McSweeney is firmly convinced that ecotourism is the way to go in northeast Trinidad, and that the museum can play an educational role in this. She cited conservationist Gary Aboud, who in a radio talk show earlier this year noted that tourism in general is often large-scale, exclusive, land-hungry and offers largely menial work to residents, whereas ecotourism is small scale, respectful of the host community and interested to learn about it, and encourages residents to improve their knowledge, inculcating a sense of self-worth.
McSweeney and a colleague, Gabriel John, along with some motivated students, conceived the idea of a museum back in 1994. Among many people who helped to support it were community elder Victoria “Thora” Thomas, artist Marcelio Hovell, fisherman Sayeed Mohammed, Cumana artist Cyprian Rivers, schoolteacher Clarita Thomas, Richard Nero and Albertina Pavy, as well as Edward Hernandez, the deceased curator of the Tobago Museum, who provided invaluable advice.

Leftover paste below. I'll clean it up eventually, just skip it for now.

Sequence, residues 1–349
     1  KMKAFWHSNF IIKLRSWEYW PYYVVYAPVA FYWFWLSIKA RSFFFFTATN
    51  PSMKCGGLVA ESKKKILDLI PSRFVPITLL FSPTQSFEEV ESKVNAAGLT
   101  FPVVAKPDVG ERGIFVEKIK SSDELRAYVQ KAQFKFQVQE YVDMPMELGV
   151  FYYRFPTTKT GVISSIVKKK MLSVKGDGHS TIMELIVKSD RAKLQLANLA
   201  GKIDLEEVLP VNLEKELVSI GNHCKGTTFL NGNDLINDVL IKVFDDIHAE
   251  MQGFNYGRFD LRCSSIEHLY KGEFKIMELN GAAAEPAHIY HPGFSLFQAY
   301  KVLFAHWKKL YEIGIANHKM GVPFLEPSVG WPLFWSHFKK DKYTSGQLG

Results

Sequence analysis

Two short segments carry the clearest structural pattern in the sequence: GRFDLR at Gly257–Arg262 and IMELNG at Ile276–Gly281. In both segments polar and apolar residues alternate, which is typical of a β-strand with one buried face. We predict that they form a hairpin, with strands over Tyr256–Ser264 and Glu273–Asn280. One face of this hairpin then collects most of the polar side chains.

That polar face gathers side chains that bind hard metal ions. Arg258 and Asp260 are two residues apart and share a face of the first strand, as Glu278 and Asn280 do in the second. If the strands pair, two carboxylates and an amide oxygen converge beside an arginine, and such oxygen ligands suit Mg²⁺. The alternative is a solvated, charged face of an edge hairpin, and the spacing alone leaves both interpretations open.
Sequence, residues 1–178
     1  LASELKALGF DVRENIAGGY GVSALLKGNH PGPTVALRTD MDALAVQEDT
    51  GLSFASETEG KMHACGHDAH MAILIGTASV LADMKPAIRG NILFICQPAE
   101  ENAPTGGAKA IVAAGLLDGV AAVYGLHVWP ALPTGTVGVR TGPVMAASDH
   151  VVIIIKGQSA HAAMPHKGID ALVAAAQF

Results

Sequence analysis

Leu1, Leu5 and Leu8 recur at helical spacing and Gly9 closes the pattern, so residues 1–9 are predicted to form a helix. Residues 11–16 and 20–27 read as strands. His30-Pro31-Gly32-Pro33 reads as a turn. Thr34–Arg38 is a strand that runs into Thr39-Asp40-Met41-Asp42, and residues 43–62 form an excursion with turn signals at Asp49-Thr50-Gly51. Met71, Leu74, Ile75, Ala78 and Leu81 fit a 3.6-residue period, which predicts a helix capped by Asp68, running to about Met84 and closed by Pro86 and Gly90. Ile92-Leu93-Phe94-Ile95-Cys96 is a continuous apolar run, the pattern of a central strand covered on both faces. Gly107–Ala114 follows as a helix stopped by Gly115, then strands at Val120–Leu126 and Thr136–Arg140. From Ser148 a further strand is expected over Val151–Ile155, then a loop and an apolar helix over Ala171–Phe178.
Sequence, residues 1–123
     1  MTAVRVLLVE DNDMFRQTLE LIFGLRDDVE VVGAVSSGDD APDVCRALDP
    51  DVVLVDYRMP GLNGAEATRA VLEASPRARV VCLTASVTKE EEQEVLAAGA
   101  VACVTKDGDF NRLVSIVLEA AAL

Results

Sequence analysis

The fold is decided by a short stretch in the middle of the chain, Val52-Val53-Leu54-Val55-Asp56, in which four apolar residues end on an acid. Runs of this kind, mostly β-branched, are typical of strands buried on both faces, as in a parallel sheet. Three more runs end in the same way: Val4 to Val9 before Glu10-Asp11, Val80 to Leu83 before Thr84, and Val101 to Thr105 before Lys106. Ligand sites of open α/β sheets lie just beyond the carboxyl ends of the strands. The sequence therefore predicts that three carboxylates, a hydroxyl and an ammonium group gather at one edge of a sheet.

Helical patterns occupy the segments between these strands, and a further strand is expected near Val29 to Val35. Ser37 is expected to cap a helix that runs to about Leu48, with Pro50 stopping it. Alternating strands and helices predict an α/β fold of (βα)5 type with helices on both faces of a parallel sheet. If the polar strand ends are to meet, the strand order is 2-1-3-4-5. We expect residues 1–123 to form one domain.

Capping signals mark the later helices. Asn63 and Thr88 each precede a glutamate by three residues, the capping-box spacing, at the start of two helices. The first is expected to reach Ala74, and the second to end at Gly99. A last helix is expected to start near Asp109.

For McSweeney, great things often start in small ways. Many people scarcely understand or value the good things they may already possess or have access to right in their own home environments. This includes the myriad gifts of nature as well as the rich life lessons and creations of diverse people who worked, invented, strived and thrived in northeast Trinidad. McSweeney dreams of a new Toco Folk Museum passing on some of these invaluable lessons, becoming a special place to learn, enjoy, share community spirit, and even help incubate new skills and livelihoods.
MORE INFO: See the 2012 four-minute video Toco Folk Museum Hidden Treasures at https://www.youtube.com/watch?v=J8j4n5gcJrM
To contact Nemme McSweeney for offers of partnerships, funding or other collaborations towards a new, relocated Toco Folk Museum, please call 315-8682 or e-mail firstname.lastname@example.org